The Alaska Railroad and Transportation Company (AR&T), also known as the Alaska-Pacific Railway Company or the Oregon Improvement Company, was one arm of the vast Pacific Coast Steamship Company, a corporation which operated both railroads and steamship lines along the West Coast.47 Completed after the Dyea-Klondike Transportation Company's setup, the AR&T operation boasted a longer length, more freight-carrying capacity and higher technological sophistication than the DKT tram. The AR&T tram, in turn, was outclassed by the still larger Chilkoot Railroad and Transportation Company operation, which was the last of the three aerial trams to open.
The AR&T showed interest in the area in the early days of the gold rush. In early December 1897, the company established a claim for a trade and manufacturing site in Pyramid Harbor, twenty miles to the south of Dyea. In late December 1897, company representative A. R. Cook located a 36 acre wharf site on the east side of Taiya Inlet, approximately two miles southeast of Dyea. Soon afterwards, he also located a ten acre site a mile north of town for a "station and warehouse." By mid January, Cook had also filed for a ten acre depot and warehouse site, "twelve miles from Dyea, near Sheep Camp." The company's supposed intention, at that time, was to build a railway line north, but nothing more was ever heard of that plan.48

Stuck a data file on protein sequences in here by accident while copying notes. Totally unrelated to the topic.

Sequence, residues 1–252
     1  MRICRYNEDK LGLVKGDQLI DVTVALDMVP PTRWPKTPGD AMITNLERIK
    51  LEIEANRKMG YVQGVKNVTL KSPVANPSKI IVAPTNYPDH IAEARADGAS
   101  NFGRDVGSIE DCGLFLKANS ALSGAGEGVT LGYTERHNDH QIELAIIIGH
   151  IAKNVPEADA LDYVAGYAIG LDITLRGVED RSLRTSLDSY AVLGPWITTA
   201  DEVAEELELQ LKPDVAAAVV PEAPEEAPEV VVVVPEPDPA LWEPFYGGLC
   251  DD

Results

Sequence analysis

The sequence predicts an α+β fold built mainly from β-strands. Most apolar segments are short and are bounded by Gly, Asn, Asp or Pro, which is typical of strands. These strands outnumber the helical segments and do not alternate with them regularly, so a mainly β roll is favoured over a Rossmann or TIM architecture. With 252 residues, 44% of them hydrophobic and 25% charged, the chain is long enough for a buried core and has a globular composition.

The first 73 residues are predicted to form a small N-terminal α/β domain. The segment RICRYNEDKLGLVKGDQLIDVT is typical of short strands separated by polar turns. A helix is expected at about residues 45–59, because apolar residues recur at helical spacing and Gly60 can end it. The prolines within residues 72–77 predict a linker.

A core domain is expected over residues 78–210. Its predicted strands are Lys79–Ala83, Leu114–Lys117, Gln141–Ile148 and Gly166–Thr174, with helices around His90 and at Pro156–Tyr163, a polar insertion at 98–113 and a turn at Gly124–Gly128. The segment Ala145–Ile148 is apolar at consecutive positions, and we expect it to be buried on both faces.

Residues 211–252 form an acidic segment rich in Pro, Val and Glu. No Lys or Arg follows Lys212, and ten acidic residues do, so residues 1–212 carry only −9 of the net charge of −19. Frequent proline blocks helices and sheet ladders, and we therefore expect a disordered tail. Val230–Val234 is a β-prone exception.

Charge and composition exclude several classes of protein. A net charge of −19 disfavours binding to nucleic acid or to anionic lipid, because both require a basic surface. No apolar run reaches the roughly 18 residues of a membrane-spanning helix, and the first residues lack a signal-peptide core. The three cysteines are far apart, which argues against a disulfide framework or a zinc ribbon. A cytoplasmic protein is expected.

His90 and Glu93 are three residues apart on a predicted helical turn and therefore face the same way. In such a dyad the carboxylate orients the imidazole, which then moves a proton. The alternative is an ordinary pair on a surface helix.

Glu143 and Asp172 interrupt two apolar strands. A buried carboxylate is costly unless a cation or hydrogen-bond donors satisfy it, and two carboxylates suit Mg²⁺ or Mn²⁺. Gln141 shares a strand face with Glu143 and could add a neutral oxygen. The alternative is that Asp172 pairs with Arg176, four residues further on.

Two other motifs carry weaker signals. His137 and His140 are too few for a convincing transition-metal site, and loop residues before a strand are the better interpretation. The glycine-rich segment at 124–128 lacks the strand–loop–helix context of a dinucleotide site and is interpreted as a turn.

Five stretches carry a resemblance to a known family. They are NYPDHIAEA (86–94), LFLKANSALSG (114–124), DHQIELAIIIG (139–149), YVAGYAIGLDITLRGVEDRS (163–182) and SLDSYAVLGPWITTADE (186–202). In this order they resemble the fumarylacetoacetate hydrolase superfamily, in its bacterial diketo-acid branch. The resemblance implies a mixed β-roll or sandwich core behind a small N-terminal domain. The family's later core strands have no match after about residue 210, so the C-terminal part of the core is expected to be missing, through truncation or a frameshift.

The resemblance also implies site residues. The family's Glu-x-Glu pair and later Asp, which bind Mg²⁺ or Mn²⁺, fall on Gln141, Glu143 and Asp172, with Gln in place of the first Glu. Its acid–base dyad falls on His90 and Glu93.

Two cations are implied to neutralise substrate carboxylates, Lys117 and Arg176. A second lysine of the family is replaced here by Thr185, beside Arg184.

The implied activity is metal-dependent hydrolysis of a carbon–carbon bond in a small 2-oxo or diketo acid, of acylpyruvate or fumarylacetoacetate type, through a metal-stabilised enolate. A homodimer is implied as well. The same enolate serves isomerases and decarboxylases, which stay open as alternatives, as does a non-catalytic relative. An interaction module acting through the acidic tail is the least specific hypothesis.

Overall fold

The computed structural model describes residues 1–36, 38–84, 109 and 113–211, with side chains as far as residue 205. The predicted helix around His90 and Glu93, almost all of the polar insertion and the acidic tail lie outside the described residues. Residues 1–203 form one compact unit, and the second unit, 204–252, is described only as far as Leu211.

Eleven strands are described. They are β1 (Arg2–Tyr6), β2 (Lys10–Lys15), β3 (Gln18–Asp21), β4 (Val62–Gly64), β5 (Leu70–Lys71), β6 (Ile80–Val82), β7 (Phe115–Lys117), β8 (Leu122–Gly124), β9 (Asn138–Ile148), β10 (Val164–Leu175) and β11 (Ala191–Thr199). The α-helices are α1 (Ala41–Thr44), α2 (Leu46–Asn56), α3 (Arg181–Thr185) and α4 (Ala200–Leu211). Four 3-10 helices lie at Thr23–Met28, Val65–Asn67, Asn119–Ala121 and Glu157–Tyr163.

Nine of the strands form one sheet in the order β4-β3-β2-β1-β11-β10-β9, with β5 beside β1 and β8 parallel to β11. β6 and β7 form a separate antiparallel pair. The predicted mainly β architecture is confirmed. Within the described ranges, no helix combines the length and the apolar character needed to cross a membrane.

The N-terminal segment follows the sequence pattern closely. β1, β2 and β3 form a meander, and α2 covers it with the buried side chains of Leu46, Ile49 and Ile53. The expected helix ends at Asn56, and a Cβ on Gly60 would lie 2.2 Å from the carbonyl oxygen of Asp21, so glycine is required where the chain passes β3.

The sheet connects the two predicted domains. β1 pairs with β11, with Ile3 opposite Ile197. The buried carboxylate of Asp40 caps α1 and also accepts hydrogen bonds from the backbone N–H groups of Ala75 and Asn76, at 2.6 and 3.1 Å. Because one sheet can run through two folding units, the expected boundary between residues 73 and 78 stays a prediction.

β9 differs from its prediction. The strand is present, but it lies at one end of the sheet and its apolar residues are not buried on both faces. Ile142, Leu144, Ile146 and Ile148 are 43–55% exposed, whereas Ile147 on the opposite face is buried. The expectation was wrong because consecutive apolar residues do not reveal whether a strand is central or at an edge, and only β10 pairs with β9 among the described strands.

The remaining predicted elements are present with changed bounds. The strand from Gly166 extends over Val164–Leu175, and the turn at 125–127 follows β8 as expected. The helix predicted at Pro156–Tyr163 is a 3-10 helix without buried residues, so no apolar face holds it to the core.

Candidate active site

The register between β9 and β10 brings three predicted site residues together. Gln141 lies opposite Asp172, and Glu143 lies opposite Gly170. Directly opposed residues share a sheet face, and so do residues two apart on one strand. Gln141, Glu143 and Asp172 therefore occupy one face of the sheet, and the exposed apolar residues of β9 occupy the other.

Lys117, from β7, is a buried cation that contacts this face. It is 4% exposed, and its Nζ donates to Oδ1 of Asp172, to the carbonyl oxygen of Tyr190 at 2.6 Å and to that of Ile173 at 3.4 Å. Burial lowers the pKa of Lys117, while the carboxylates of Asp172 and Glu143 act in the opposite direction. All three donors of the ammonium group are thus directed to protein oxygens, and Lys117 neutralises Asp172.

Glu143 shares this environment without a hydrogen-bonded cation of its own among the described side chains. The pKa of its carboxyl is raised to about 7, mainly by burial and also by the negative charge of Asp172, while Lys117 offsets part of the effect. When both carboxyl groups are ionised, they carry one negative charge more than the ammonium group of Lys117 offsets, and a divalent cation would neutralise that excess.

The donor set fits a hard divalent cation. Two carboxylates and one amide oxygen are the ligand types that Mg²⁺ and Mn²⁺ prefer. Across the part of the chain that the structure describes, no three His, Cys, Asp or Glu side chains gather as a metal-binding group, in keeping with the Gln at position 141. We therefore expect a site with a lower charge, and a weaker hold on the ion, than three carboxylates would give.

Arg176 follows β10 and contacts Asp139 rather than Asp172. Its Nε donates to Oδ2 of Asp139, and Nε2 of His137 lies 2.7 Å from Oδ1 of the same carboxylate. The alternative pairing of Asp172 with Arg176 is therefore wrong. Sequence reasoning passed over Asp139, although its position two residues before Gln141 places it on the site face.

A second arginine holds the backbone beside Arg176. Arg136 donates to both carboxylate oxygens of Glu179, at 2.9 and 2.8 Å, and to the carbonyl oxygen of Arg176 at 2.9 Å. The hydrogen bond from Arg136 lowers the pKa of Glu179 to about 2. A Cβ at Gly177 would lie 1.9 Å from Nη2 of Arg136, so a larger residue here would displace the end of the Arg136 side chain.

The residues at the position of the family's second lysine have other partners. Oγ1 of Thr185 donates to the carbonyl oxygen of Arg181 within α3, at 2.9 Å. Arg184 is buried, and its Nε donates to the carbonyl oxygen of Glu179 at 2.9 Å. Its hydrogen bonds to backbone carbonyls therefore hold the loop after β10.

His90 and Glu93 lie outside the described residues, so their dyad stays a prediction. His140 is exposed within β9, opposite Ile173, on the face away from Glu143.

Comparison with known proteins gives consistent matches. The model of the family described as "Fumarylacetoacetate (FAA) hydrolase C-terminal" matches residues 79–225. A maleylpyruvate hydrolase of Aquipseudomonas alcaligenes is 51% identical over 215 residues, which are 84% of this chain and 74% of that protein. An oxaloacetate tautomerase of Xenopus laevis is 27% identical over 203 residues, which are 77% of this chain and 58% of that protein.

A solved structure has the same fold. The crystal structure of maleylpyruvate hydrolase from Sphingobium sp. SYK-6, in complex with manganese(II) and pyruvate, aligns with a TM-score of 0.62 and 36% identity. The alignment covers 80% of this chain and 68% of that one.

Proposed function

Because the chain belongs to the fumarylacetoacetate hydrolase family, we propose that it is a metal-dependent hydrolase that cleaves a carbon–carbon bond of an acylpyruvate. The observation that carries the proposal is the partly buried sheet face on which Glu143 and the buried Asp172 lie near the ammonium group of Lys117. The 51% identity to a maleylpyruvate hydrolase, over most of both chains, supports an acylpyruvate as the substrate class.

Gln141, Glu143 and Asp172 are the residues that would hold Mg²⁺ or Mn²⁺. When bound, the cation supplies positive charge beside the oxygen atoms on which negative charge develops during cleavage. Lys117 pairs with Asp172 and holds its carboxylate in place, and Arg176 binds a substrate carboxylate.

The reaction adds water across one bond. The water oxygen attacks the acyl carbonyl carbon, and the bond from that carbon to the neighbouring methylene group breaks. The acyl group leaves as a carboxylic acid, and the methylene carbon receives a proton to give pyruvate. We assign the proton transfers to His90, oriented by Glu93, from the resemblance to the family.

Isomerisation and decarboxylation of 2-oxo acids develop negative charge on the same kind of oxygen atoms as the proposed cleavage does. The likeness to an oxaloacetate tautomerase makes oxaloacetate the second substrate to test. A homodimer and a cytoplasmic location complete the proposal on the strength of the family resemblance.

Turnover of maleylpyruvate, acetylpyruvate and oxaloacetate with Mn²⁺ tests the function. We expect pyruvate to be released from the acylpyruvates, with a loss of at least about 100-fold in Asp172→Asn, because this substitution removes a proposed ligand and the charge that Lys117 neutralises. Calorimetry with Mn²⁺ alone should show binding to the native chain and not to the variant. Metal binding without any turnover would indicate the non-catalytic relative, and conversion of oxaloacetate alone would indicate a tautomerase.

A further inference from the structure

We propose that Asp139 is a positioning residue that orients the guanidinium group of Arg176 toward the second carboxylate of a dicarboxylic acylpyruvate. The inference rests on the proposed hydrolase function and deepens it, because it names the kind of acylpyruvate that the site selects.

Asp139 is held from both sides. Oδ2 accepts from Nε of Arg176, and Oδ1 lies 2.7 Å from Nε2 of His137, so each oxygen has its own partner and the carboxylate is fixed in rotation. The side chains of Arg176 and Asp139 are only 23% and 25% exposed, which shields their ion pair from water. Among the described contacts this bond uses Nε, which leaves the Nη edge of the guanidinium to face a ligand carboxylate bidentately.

Unlike its competitors, the AR&T did not advertise in the local newspapers, and news about the construction of its tramway did not identify the company by name. The other two tramways were also being constructed at this time, therefore, it can only be assumed that sometime after mid-January, the company abandoned its railroad plans. Officials probably intended that the railroad would operate as far as the tramway site, but no railroad was ever begun.